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- Живковић, Тибор (2004). Црквена организација у српским земљама: Рани средњи век (Organization of the Church in Serbian Lands: Early Middle Ages). Београд: Историјски институт САНУ, Службени гласник.
- Živković, Tibor (2008). Forging unity: The South Slavs between East and West 550-1150. Belgrade: The Institute of History, Čigoja štampa.
- Ćirković, Sima (2008). The Serbs. John Wiley & Sons.
- Јањић, Драгана (2009). "Подаци за историју Хвостанске епархије (The Data for the History of Hvostan's Eparchy)" (PDF). Баштина (26): 183–194.
- Bulić, Dejan (2013). "The Fortifications of the Late Antiquity and the Early Byzantine Period on the Later Territory of the South-Slavic Principalities, and their re-occupation". The World of the Slavs: Studies of the East, West and South Slavs: Civitas, Oppidas, Villas and Archeological Evidence (7th to 11th Centuries AD). Istorijski institut SANU. pp. 137–234.
- Јањић, Драгана (2013). "Призренска епископија: Историјско-канонски аспекти (Prizren's diocese: Historical-canonical aspects)" (PDF). Баштина (34): 157–170.
- Kalić, Jovanka (1995). "Rascia – The Nucleus of the Medieval Serbian State". Faculty of Geography.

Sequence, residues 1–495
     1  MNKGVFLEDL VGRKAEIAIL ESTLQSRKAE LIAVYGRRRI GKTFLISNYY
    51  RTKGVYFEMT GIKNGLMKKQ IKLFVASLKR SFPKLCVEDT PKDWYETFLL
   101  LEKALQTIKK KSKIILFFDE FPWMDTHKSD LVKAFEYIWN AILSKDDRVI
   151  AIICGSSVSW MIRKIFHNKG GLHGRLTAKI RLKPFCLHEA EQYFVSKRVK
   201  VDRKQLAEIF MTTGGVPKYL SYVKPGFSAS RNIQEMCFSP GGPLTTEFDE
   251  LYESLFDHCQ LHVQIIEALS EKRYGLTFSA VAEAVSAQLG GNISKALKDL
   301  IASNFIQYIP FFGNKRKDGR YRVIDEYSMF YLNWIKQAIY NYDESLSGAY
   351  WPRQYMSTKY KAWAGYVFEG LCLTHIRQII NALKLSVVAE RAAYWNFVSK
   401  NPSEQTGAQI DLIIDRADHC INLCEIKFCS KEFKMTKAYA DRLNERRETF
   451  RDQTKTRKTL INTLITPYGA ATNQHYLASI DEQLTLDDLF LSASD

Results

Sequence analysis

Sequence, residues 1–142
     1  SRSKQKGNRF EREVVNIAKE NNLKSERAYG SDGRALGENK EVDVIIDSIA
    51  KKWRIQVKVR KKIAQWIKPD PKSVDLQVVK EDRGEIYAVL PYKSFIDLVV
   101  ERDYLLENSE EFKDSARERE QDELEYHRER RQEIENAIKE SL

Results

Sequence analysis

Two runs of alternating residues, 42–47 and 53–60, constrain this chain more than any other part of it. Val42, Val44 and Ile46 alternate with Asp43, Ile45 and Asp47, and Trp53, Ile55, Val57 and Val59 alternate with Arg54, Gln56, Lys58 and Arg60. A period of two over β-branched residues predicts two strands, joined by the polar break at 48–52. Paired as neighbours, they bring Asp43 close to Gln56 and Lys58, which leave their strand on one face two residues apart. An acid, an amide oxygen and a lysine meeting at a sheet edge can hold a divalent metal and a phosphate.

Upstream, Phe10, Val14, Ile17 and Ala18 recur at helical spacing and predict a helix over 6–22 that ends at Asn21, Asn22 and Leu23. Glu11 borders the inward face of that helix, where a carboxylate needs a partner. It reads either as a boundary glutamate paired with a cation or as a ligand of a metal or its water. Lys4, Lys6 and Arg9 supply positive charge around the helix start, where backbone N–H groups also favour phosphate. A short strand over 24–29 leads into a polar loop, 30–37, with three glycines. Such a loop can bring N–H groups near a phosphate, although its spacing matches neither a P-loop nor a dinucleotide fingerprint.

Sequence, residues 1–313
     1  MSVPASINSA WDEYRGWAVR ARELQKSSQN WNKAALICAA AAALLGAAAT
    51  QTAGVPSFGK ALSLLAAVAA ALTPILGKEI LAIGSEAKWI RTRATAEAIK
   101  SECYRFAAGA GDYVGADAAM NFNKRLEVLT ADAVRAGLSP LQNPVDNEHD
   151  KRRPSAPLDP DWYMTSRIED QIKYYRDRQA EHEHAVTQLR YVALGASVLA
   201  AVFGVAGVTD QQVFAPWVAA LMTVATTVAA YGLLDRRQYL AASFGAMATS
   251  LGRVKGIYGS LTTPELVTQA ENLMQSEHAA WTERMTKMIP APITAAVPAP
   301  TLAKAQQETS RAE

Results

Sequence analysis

- See Corridors
- Crucified Kosovo: Destroyed and desecrated Serbian Orthodox churches in Kosovo and Metohia (June–October 1999)
- Jovanka Kalić, Rascia – The Nucleus of the Medieval Serbian State
- Sima Ćirković, Rises and falls in Serbian statehood in the Middle Ages
- Đorđe Janković, Kosovo And Metohia In The Middle Ages – Archaeological Research
- Radoš Ljušić, The centuries under Turkish rule and the revival of Serbian statehood
- Milovan Radovanović Kosovo and Metohia – A Geographical and Ethnocultural Entity in the Republic of Serbia
- Dušan Bataković, The Kosovo Chronicles
- Old Serbia and Albanians
- Official site of the Eparchy of Raška and Prizren
- Official site of the Serbian Orthodox Church
- List of Cultural Monuments in Serbia
- Project Rastko: Kosovo and Metohija
- Monasteries of the Eparchy of Raška and Prizren
- Kosovo.net Serbian Orthodox Church in Kosovo and Metohia
- Теодосије нови епископ рашко-призренски („Политика“, 18. новембар 2010)
- Устоличење новоизабраног Епископа рашко-призренског Теодосија – Призрен,, 26. децембар 2010.